What is the average age of first-time homebuyers (and why is it getting higher)?

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Susan Meyer

Senior Editorial Manager

  • Licensed Insurance Agent — Property and Casualty

Susan is a licensed insurance agent and has worked as a writer and editor for over 10 years across a number of industries. She has worked at The Zebr…

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Beth Swanson

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  • Licensed Insurance Agent — Property and Casualty

Beth joined The Zebra in 2022 as an Associate Content Strategist. She is a licensed insurance agent whose goal is to make insurance content easy to r…

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Young adults are waiting longer to buy a home

Buying your first home is a major life decision. Generally, it aligns with other factors, like career stability, feeling settled in your location, disposable income and maybe even thoughts of growing a family.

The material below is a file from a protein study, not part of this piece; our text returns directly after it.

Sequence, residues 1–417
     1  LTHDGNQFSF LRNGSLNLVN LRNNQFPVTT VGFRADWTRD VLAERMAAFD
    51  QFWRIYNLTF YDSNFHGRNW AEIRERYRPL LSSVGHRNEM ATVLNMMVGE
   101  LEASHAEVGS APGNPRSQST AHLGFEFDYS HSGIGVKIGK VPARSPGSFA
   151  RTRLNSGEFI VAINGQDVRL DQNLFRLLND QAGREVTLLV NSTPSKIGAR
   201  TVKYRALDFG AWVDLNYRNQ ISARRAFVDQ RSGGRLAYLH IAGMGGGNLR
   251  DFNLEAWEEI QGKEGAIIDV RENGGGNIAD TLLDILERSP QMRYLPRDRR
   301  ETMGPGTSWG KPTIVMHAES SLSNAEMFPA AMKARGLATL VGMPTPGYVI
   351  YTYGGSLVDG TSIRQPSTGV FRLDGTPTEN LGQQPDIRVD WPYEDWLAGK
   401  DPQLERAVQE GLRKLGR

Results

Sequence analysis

But is there a right age when these factors should be in place? Are these the factors Americans should consider when deciding to become a homeowner for the first time? 

In 2022, the average age of first-time homebuyers was 36, according to the National Association of Realtors (NAR). This is up from 33 in 2021.

A more notable stat, however, is that only 26% of homebuyers in 2022 were first-time homebuyers — the lowest percentage since the NAR started tracking the metric. It’s also a dramatic decrease from 2010 when first-time homebuyers accounted for 50% of all homebuyers.[1]

The increase in age and decrease in first-time homebuying in 2022 shouldn’t come as a shock. Home prices have skyrocketed in the last few years, with the median home sales price rising to $428,700 in 2022 — an increase of $58,900 from 2021.[2]  

These increases are happening most notably in urban areas. For example, the typical home value in Washington D.C. is $826,124 versus $177,710 in Arkansas.[3] As a result, first-time home buyers are moving farther away from their current home to buy a more affordable house, as the median distance that first-time homebuyers moved from their previous location was 50 miles.